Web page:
President Donald Trump on Monday released his final World AIDS Day proclamation.

This year's proclamation once again excluded LGBT people, who are disproportionately affected by HIV/AIDS.

“Today, our Nation joins millions across the globe in remembrance of the precious lives lost to human immunodeficiency virus (HIV) and acquired immunodeficiency syndrome (AIDS) –related illnesses, and we reaffirm our support for those living with these diseases,” Trump said. “Thankfully, decades of remarkable advancements and improved understanding have put us within reach of ending its devastating impact. Through increased awareness, revolutionary prevention strategies, and safe and effective treatment regimens, we will soon end the AIDS epidemic once and for all.”

The president highlighted his administration's actions on ending the pandemic. In his 2019 State of the Union address, Trump announced his “Ending the HIV Epidemic: A Plan for America” policy, which relies heavily on blocking transmission of the virus through PrEP.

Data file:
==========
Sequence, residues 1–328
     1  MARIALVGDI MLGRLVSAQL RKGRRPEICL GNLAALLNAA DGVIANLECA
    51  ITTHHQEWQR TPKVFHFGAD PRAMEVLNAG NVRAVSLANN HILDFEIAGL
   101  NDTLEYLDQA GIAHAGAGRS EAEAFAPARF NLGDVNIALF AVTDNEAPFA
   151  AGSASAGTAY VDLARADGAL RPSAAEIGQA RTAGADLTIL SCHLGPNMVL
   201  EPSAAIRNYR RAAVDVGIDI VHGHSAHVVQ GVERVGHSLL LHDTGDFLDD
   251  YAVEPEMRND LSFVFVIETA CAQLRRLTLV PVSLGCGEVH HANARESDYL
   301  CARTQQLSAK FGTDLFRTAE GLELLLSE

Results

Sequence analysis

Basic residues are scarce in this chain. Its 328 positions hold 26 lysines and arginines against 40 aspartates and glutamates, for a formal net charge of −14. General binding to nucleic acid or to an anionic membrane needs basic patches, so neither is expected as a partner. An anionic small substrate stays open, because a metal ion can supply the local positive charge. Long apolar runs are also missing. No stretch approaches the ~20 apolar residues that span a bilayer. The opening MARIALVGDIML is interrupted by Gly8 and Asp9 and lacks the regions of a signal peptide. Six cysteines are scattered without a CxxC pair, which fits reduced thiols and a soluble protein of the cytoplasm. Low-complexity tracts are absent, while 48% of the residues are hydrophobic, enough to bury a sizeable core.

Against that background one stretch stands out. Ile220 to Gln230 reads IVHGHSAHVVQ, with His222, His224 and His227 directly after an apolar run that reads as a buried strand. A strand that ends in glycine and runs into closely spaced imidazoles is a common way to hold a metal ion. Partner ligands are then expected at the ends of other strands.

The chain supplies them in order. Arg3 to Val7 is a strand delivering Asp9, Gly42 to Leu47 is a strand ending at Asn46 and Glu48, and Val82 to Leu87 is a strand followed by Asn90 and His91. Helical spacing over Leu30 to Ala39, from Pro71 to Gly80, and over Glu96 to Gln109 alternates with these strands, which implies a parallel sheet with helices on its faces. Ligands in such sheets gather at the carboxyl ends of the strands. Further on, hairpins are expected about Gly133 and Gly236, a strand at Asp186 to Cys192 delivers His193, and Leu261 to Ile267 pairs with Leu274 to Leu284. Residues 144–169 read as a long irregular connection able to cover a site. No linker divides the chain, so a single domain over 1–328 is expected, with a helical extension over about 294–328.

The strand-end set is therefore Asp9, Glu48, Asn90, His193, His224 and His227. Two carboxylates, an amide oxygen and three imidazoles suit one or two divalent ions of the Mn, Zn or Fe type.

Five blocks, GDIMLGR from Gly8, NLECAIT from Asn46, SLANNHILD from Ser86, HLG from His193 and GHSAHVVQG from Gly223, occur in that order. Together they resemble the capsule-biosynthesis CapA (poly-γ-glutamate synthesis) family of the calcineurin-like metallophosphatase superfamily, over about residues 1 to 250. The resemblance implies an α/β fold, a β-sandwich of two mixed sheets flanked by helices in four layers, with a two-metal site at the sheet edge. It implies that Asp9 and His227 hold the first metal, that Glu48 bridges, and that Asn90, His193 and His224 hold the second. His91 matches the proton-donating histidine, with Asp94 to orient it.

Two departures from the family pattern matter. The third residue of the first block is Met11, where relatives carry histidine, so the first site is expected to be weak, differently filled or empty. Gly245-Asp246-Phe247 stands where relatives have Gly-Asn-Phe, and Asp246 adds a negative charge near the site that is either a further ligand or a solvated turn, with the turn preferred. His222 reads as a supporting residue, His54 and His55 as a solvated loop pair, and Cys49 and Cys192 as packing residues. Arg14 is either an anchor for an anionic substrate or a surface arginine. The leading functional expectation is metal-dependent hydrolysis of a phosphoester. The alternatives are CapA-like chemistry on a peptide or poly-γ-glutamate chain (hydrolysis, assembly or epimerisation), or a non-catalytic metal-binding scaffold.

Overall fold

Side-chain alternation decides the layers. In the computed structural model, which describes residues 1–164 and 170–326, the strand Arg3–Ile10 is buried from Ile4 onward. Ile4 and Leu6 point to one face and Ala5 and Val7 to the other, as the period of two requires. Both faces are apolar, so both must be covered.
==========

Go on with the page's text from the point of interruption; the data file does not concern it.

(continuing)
“Through these and other initiatives we are bringing to a close a painful chapter in human history,” Trump said. “[B]y the end of this decade, we will have eliminated this scourge from our country and released much of the rest of the world from its deadly grip.”

Trump also said that a vaccine is being developed. An HIV vaccine has proven elusive because the virus appears non-threatening to the immune system.

In his proclamation, Trump praised PEPFAR (the President's Emergency Plan for AIDS Relief), which distributes drugs to fight the pandemic across the globe. While he called the program the “most successful health initiative in American history,” the president has sought to slash billions from PEPFAR.

Unlike Trump, former President Barack Obama included LGBT people in his 2016 proclamation, stating that HIV/AIDS predominantly affects “gay and bisexual men, transgender people, youth, black and Latino Americans, people living in the Southern United States, and people who inject drugs.”

Trump concluded his proclamation by urging Americans to join him “in appropriate activities to remember those who have lost their lives to AIDS and to provide support and compassion to those living with HIV/AIDS.”